Becky Benson, meanwhile, is a two-time state champion (women's division; she never got into tandem); a semifinalist at the '72 world titles, and finished #3 behind Margo Oberg and Lynne Boyer in the '77 WCT ratings. A mini-retirement followed, then Becky came back to win the debut Op Pro, in 1982, defeating Pam Burridge in the final. 

becky benson, op pro, 1982, huntington beach

But let's put the results and ratings aside. What is so fascinating about the Benson sisters is how the two of them—and the entire Benson clan; led by Col. Albert Benson, the decorated and crew-cutted patriarch—went straight from landlocked Cuero, Texas, to full ohana status among the very best (and, often, very private) North Shore surfers and their families. Blanche explains:

My parents were not typical military parents. Their motto was to get out and enjoy new places, get to know the locals, get involved in the local way of life. So I don’t think we had even unpacked when Daddy took us down to the Greg Noll surf shop and bought my brother, Guy, and myself surfboards. He said, 'If we’re going to live in Hawaii, you’re going to learn to surf.'

Blanch was riding big Sunset with Eddie Aikau less than two years after getting her first board. Tiger Espere was a close family friend. Col. Benson, who helped things along by buying a camera and shooting pictures every weekend, wherever it was happening, Ala Moana to Makaha to Haleiwa, would take hot-rat truants like Larry Bertlemann and Michael Ho back to the Benson house to stay the night because that was better than the boys sleeping on the beach, like they planned. Becky:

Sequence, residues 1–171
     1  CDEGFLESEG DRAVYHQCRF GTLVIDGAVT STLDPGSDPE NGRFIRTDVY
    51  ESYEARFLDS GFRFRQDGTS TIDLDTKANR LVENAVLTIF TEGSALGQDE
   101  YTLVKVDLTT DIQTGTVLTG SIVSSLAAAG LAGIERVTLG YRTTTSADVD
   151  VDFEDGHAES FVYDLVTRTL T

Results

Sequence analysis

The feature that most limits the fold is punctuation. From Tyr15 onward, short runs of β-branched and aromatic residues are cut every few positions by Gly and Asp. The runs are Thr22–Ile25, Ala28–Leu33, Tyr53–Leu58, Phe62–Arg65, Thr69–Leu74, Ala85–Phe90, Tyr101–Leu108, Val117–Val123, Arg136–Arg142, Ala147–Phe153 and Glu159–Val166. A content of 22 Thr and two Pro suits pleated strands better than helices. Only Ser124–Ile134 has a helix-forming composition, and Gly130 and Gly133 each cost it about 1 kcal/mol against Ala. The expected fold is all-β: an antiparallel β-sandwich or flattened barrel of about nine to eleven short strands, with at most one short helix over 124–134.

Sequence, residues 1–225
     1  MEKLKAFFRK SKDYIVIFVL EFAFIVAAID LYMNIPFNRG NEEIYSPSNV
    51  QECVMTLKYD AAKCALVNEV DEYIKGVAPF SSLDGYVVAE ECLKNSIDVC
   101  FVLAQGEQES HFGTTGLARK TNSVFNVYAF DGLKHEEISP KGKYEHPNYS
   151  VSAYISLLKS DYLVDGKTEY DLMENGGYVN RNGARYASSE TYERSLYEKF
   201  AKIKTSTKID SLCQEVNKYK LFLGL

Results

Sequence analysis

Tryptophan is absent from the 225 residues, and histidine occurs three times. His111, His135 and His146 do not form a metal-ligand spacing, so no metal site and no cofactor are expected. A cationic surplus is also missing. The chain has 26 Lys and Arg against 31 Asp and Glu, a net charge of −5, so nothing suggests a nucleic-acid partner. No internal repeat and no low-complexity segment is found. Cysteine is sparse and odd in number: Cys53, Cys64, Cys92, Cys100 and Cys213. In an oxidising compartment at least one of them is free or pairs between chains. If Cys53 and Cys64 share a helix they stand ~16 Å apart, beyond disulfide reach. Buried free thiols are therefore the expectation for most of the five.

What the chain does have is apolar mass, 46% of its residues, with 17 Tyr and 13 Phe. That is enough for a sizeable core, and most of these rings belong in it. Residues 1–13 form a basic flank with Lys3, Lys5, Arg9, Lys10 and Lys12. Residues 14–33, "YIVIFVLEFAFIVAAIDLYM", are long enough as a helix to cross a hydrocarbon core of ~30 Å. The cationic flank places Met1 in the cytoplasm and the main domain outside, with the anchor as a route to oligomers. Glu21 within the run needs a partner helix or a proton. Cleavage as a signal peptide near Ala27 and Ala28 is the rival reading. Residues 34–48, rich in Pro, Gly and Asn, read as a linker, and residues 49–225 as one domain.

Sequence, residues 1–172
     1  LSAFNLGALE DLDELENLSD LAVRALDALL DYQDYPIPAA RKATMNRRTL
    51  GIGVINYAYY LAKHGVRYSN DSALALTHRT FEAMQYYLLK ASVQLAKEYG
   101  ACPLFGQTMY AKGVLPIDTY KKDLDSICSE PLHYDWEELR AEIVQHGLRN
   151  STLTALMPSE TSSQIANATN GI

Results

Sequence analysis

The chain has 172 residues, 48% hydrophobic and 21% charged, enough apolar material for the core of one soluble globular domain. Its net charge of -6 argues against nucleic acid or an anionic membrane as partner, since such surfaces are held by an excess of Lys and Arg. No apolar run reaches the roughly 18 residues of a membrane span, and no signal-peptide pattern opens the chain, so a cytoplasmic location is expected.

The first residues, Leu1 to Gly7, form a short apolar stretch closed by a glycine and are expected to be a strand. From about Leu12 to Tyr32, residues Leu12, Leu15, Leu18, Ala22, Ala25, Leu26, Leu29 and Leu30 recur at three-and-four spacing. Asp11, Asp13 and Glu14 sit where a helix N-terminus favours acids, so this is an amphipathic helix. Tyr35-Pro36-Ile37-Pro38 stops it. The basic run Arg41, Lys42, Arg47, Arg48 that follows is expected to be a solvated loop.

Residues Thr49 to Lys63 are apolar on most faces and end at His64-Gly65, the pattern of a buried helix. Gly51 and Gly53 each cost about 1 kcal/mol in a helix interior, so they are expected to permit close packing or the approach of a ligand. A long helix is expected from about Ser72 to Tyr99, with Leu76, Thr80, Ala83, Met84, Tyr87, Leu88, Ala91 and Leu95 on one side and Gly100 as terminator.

My dad just had a way of getting along with people. I never really thought about it until recently. But looking back, it's like, Wow, we were just a haole family from the Mainland, right off the plane, didn't know anybody, and somehow we made friends with a lot of the local families. My dad was just that kind of person. We'd go to the Aikau’s house for parties. They'd come to our house for slideshows. It grew from there."

Read Becky's full interview here.

Doug Walker's recent Lost and Found book, featuring the work of Al Benson, shows that the Colonel, well-meaning as he was, was a hobbyist-level photographer. But there is a set of images at the back of the book that have settled into my heart, and it has everything to do with what Becky and Blanche say, above. Or what they don't say, rather. Meaning—this is a truly mixed group, where race is, maybe not absent, but not foregrounded. But let's go straight to the photos, some of which ran in a 2022 Joint, some I'm posting for the first time. All taken by Col. Benson. 

Encyclopedia of Surfing
clyde aikau, fielding benson
barry kanaiapuni, BK
Encyclopedia of Surfing
blanche benson, eddie aikau
Blanche Benson, Leroy Ah Choy